Lamma Island is just a 20-minute ferry trip from Central and about 6000 people live on the island. It is clearly visible from the south side of Hong Kong. Lamma is a popular day trip destination for lovers of seafood and hikers. There are no motor vehicles on the island. There is an excellent linear 4 km walk along the coast and conveniently there are two ferry termini.
You can catch the ferry to Sok Kwu Wan, hike to Yung Shue Wan and have a swim en-route. You can eat in one of the outdoor seafood restaurants and catch a return ferry without the need to retrace your steps. Lamma does have a rather ugly power station, but it is also the site of Hong Kong’s first (and so far only) wind turbine. Sok Kwu Wan is a working fishing village.
Cheung Chau is a bone-shaped island about 10 kilometers long. It is one hour from Central by normal ferry and 30 minutes by fast (hover) ferry. It is much more densely populated than Lamma and is home to about 23,000 permanent residents. Many people travel for the day or stay overnight in one of the numerous holiday rooms for rent. There is also one three star hotel (The Warwick).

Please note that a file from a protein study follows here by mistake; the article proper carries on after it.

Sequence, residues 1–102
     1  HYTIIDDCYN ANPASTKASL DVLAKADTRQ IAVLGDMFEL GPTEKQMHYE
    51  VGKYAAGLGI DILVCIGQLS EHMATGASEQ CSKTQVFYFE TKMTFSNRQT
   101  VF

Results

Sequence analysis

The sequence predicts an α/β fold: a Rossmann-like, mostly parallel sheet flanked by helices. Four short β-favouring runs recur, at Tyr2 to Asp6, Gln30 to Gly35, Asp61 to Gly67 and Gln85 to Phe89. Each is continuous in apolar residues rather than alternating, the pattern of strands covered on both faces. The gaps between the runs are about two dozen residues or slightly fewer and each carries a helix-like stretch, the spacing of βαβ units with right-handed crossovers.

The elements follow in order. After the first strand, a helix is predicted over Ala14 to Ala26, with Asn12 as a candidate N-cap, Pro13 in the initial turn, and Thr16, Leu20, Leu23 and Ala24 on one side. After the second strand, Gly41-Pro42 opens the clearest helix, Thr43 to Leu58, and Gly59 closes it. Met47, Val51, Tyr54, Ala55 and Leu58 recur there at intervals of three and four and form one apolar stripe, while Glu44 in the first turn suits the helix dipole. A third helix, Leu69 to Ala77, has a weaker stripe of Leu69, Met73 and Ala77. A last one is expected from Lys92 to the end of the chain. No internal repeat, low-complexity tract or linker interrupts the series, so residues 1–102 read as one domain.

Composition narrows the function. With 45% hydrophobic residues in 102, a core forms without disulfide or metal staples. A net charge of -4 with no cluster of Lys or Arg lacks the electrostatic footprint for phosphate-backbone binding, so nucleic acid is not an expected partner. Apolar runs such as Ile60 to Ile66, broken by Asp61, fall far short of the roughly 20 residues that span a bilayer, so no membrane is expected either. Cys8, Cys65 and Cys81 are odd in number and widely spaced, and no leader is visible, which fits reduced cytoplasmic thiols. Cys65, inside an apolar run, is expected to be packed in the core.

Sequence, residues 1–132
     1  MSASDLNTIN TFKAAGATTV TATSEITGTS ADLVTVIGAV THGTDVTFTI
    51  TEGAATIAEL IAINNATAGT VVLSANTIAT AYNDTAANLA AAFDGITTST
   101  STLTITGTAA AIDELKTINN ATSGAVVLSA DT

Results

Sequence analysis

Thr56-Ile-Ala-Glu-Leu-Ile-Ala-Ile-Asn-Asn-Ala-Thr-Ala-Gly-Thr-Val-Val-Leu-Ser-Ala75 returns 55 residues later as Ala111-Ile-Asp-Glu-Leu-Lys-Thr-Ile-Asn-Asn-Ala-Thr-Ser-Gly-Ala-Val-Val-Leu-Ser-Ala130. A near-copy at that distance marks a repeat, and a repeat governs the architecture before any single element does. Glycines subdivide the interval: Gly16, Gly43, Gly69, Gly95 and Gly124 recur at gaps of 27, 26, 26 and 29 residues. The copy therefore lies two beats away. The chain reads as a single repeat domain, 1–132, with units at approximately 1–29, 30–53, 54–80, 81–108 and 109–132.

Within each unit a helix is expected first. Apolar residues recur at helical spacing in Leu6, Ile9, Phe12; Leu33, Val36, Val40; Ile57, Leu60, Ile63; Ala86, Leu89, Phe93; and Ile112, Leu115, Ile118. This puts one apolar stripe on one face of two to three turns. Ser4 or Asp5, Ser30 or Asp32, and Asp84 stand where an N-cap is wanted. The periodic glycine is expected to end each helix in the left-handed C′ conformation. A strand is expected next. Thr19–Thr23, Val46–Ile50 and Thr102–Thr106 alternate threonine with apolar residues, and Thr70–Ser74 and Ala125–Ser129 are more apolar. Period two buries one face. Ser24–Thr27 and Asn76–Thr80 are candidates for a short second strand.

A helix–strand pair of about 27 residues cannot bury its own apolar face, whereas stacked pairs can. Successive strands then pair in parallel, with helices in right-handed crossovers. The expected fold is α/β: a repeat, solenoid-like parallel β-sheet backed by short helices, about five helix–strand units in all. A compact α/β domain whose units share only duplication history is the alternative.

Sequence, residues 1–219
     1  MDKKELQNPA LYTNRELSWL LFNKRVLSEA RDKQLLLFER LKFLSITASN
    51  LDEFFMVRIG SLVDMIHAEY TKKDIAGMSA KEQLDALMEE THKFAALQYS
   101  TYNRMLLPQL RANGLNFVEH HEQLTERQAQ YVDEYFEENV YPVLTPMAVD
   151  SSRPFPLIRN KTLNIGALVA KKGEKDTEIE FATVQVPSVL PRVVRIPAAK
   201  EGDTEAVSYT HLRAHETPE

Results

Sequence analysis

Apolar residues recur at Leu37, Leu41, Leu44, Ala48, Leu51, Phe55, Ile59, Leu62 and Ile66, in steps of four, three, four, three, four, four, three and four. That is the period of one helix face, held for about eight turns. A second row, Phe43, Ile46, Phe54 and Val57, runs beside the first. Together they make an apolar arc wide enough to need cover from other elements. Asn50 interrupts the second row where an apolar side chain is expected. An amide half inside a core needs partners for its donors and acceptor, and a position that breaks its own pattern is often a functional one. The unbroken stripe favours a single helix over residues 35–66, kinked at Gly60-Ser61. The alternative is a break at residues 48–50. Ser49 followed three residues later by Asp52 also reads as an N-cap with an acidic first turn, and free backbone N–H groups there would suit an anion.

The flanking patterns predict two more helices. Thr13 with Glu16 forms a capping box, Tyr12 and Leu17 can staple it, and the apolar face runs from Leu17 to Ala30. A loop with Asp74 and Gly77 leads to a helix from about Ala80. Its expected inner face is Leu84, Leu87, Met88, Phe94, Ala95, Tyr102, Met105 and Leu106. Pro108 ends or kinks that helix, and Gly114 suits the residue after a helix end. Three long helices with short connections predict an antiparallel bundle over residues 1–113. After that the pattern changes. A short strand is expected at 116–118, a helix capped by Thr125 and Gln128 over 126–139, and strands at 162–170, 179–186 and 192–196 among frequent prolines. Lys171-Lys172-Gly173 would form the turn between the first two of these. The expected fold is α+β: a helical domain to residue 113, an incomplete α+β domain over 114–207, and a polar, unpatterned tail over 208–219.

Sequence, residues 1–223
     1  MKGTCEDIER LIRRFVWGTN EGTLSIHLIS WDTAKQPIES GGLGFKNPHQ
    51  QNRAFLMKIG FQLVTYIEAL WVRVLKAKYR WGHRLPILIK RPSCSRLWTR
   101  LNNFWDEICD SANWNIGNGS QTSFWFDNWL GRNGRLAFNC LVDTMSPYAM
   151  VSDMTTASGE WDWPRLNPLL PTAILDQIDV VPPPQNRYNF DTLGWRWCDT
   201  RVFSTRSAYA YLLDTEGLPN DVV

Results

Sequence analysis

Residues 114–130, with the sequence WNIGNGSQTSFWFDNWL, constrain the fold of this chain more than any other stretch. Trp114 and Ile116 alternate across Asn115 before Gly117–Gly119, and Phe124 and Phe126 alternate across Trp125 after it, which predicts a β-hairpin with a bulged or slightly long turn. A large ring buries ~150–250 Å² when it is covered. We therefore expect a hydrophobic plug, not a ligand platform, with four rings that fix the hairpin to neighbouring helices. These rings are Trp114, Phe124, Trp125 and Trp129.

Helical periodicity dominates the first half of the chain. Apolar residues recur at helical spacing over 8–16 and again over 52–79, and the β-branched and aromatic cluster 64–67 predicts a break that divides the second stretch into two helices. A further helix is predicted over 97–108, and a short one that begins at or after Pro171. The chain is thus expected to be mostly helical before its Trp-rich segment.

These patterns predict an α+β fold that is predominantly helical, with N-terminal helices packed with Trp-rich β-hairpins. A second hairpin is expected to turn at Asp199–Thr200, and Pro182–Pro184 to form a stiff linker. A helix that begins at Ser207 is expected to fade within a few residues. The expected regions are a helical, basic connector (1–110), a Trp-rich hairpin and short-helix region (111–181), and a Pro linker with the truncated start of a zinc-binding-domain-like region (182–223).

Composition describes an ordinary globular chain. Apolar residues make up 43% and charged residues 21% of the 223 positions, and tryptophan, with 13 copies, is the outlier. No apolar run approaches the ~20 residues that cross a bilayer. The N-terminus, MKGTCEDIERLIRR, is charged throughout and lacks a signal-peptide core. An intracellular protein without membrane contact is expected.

Cheung Chau is a favored destination for school camps and there are several seminaries and religious retreats on the island. Like Lamma, there are no cars, but slim ‘tuk-tuk’ trucks ply the narrow lanes carrying goods, baggage and building materials. There is also a mini-sized ambulance and fire truck. The harbor around the ferry pier is abuzz with activity. You can find many working fishing boats and well-regarded seafood restaurants.
Just a ten-minute walk from here across to the other side of the island you can find several beaches with changing rooms and lifeguards in the summer months. The Kwun Yam or the “Afternoon” Beach was named by the colonials as one of the best locations to watch the sun go down. There are some excellent walks to the extremities and viewpoints of the island and it has an interesting history connected with smuggling and piracy.
For a week during May, the island becomes very crowded as visitors flock for the week-long Cheung Chau Bun Festival. This is a unique festival which includes lion dances, parades, drum beating and culminates with the bun scramble where young men race to climb bamboo towers to retrieve Chinese buns. The festival dates back several hundreds of years and was originally created as a thank you to the god of the sea (Pak Tai) for sparing the islanders from a virulent plague. The towers are constructed outside the ancient Pak Tai temple.
One of the best ways to get around the island is to hire a bicycle. There are several bike hiring establishments a short walk from the ferry pier. They are inexpensive and you can hire them by the hour or day.
Cheung Chau was the birthplace and provided the training waters for Hong Kong’s only Olympic gold medalist Lee Lai-Shan who won the windsurfing competition at the Atlanta Olympics of 1996